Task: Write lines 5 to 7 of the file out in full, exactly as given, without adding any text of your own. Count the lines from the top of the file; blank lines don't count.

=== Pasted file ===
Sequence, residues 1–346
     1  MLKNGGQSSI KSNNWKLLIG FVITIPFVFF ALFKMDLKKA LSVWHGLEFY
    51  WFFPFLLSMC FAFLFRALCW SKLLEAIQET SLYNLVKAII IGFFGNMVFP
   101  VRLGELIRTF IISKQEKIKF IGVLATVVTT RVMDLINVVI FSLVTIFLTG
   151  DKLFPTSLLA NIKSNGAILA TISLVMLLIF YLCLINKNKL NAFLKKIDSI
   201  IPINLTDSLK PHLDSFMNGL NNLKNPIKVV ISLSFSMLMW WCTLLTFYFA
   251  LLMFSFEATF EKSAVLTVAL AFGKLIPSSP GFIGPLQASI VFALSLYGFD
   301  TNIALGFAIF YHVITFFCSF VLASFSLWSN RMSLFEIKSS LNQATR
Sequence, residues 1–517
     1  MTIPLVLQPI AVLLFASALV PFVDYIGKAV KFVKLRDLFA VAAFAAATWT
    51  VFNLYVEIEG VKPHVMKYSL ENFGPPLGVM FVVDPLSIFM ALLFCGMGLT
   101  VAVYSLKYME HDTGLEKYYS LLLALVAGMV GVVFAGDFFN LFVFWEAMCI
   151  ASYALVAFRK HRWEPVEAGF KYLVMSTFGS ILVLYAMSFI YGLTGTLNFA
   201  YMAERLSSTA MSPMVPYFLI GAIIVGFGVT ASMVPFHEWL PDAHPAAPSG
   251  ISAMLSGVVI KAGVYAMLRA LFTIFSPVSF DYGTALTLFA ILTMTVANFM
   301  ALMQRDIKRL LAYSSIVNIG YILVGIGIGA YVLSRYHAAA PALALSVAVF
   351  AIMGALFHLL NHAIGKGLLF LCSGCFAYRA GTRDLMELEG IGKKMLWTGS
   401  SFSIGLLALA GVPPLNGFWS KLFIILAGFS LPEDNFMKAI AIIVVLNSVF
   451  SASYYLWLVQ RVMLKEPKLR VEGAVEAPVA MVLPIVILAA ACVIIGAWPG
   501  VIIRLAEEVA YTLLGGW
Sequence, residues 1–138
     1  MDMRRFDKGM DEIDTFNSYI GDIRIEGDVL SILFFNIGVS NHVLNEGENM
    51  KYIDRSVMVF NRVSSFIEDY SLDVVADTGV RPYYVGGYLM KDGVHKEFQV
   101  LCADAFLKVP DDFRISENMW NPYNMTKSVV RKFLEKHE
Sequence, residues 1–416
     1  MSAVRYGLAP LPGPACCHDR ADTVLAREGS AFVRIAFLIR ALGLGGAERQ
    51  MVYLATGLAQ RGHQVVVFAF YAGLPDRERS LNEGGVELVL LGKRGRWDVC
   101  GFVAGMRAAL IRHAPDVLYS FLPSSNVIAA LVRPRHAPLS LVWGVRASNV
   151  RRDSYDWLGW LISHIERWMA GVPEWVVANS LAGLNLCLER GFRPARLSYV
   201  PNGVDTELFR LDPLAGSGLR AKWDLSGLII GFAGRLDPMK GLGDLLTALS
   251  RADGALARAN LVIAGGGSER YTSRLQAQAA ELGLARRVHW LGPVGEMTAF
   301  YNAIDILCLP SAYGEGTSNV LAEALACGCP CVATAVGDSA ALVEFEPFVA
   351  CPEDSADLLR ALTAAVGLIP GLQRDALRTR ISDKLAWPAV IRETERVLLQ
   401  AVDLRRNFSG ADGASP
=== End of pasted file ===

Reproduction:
   151  DKLFPTSLLA NIKSNGAILA TISLVMLLIF YLCLINKNKL NAFLKKIDSI
   201  IPINLTDSLK PHLDSFMNGL NNLKNPIKVV ISLSFSMLMW WCTLLTFYFA
   251  LLMFSFEATF EKSAVLTVAL AFGKLIPSSP GFIGPLQASI VFALSLYGFD